Presentation on theme: "Paul M. Kohler Noise Abatement Program Manager INTERSTATE 95 EXPRESS LANES FUNDAMENTALS OF TRAFFIC NOISE."— Presentation transcript:
Paul M. Kohler Noise Abatement Program Manager INTERSTATE 95 EXPRESS LANES FUNDAMENTALS OF TRAFFIC NOISE
2 WHAT IS NOISE? Noise is unwanted sound. It is perceived differently by every person. Can be irritating to one person may be tolerant to another. Sound is transmitted by pressure variations in the air from its source. Most sound sources are characterized as a point or lines sources.
3 POINT vs. LINE SOURCE A point source occurs when a sound source is stationary (e.g. a horn). Sound radiates equally in all directions. Noise levels for a point source decreases by 6 decibels per doubling of distance.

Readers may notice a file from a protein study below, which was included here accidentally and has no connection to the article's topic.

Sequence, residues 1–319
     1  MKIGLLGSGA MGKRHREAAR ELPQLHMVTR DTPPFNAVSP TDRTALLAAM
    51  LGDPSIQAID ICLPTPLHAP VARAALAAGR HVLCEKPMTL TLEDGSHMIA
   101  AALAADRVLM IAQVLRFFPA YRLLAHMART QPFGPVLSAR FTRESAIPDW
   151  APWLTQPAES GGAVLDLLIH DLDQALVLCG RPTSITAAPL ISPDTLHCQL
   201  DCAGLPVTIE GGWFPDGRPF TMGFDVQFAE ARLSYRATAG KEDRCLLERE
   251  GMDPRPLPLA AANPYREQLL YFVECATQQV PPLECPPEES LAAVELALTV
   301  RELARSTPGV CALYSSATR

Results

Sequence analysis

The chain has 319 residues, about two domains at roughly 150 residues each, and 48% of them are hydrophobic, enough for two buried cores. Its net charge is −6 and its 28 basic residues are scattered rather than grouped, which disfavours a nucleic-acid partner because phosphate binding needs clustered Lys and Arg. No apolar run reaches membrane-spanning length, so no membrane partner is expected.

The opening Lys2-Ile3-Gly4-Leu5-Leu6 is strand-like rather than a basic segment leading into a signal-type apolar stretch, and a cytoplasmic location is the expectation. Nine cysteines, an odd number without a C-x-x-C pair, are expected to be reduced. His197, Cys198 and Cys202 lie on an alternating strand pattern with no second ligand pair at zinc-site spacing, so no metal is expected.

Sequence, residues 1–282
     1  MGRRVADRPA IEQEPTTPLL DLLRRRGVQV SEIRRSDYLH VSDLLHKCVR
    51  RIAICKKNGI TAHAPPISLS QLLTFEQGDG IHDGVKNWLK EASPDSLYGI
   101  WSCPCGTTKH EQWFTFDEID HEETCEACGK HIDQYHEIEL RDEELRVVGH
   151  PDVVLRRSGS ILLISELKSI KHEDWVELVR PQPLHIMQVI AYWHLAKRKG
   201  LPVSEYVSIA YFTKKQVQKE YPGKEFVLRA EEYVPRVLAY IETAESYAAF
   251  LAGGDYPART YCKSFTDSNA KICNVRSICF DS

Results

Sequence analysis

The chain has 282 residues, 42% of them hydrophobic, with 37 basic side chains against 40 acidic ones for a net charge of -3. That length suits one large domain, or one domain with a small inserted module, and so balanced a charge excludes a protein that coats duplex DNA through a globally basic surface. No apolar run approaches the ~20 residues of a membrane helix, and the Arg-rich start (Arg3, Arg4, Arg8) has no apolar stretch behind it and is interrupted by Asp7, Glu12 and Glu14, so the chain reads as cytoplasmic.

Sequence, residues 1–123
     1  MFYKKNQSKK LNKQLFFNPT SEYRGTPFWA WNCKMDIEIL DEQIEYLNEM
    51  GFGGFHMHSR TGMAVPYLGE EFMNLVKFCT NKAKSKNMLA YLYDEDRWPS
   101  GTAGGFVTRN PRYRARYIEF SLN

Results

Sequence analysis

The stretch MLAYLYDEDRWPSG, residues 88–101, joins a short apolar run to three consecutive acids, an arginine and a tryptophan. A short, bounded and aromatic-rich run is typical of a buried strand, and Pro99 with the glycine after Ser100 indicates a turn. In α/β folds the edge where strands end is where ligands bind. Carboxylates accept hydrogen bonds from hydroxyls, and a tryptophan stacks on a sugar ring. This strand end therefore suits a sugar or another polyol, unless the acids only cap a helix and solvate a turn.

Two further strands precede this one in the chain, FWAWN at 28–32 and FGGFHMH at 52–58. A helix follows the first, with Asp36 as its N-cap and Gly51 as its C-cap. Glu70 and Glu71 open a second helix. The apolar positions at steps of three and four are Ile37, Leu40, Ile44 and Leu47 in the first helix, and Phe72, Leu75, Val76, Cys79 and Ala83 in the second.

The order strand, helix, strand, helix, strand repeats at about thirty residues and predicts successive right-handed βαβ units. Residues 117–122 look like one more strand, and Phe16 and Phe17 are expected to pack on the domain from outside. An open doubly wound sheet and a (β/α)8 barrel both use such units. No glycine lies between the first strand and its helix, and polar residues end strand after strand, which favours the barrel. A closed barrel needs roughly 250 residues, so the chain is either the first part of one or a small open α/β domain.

4 POINT vs. LINE SOURCE A line source occurs when many source are moving in a line (e.g. traffic noise). Noise levels for a line source decreases by 3 decibels per doubling of distance. –Example: If you experience 60 decibels at 50 feet then you would experience 57 decibels at 100 feet.
5 Noise is measured in decibels on a logarithmic scale. This scale does not work the same way as most other familiar scales. THE DECIBEL
7 An increase in 10 decibels is considered as twice as loud to the average listener. THE DECIBEL Physical Noise vs. Perceived Noise Actual Sound Level Change Perceived Sound Level Change +20 dBAFour times as loud +10 dBATwice as loud +5 dBAReadily perceptible +3 dBABarely perceptible 0 dBAReference level -3 dBABarely perceptible -5 dBAReadily perceptible -10 dBAHalf as loud -20 dBAOne quarter as loud